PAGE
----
Citizen Talks

Social media platforms have made people vocal

Sharad Karpur

Sharad Karpur is a software engineer from Mumbai. He has worked in the IT sector in Mumbai for the past few years. In conversation with Susparsha Gaikwad, Reporter at How did the COVID-19 lockdown impact your life?

Sharad: The lockdown initially did take a toll on me. I am not used to sitting in the house for such a long time. I felt caged. Lockdown time was much more of a self-reflection. But I did certain things to keep my self occupied. I followed news. The disruption of social activities was quiet disturbing. What do you think about the job market in India?

Sharad: Indian job market is stagnant. There are considerably fewer job opportunities. Service sectors like IT, engineering, finance is growing rapidly. But overall the Indian job market is not in good shape. And with COVID-19 hitting the world, it is overall a scattered scenario in Indian job market. Though freelancing jobs have been picking up rapidly lately. Do you think India is heading in the right direction?

Sharad: Culturally, politically, also political economy wise we are heading in the right direction. It is good to see that we Indians who were once upon a time shy to accept our own culture, are not working towards retaining the same culture. There is a lot of churning happening. Earlier, people would not voice out their opinions, anger about the government. But with coming in of social media platforms like Twitter, people have begun to speak up. There has been a phenomenal change. Economically, I would not say that we are heading in the right direction. Our focus is still service oriented. Talking of our political economy, we are doing well. The central government knows how to cater to the needs of the poor. They have taken steps in the right direction by opening up of the economy. What do you consider as hurdles in India’s growth?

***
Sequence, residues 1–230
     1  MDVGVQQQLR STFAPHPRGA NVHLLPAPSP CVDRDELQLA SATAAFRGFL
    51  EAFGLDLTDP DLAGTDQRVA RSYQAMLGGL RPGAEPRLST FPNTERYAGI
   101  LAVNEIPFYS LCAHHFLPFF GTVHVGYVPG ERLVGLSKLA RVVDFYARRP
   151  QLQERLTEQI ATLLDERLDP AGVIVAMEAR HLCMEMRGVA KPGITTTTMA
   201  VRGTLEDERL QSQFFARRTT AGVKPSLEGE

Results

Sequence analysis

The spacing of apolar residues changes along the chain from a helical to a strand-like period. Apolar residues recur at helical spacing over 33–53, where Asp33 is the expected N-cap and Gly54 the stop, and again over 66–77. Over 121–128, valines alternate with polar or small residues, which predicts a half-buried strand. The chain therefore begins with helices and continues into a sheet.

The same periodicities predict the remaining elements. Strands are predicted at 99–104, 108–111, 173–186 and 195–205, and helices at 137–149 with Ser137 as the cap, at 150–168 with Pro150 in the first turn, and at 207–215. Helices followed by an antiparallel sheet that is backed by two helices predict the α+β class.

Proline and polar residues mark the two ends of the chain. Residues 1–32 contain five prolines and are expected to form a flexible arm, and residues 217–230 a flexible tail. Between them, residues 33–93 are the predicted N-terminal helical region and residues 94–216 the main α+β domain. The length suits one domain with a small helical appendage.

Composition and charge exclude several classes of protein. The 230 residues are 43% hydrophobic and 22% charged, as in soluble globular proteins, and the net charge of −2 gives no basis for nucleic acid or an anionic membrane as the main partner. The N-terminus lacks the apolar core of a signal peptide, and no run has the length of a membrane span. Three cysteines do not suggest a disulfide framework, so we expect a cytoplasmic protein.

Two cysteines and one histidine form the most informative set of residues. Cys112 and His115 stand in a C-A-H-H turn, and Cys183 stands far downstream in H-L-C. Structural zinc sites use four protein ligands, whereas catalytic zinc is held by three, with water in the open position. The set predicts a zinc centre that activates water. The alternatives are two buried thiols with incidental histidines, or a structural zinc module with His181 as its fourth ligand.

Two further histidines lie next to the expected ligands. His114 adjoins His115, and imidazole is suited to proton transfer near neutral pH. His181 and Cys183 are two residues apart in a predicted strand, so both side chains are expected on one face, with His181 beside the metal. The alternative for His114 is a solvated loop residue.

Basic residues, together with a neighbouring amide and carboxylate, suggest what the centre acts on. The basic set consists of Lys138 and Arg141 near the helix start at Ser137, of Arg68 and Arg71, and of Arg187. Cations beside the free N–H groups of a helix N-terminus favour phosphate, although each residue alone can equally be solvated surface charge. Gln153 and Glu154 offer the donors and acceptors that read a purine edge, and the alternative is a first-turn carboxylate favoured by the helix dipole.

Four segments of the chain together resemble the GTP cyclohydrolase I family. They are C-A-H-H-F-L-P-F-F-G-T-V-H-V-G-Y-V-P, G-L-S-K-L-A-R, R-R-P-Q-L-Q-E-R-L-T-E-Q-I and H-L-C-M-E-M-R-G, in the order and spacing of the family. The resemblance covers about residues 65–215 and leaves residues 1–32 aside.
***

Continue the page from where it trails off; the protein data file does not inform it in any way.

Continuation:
Sharad: I would say bureaucracy and unnecessary litigations are two major factors that hamper our growth as a nation. The legal procedures in India are rigid. There is a lack of spirit of nationalism among the people of India. Another factor is the education system in the country. We have a Marxist kind education system that hurts the growth. It curbs the thinking of a child. There need to be severe reforms in India’s education system. Other than these factors, we have our neighbouring countries that have been working relentlessly towards curbing our growth as a nation. India’s health care sector needs to be up-scaled. Population explosion is also another problem that the nation is faced with today. What can be done to tackle the issues that the nation is facing?

Sharad: At an individual level, each one of must take up responsibilities. The government cannot do everything. Cleanliness needs to be maintained by each one of us. We need to be invested more in our culture. Entrepreneurship needs to grow in India. The nation needs job creators and not job seekers. Also the health care sector, education sector, and the law needs reforms to increase its efficiency.

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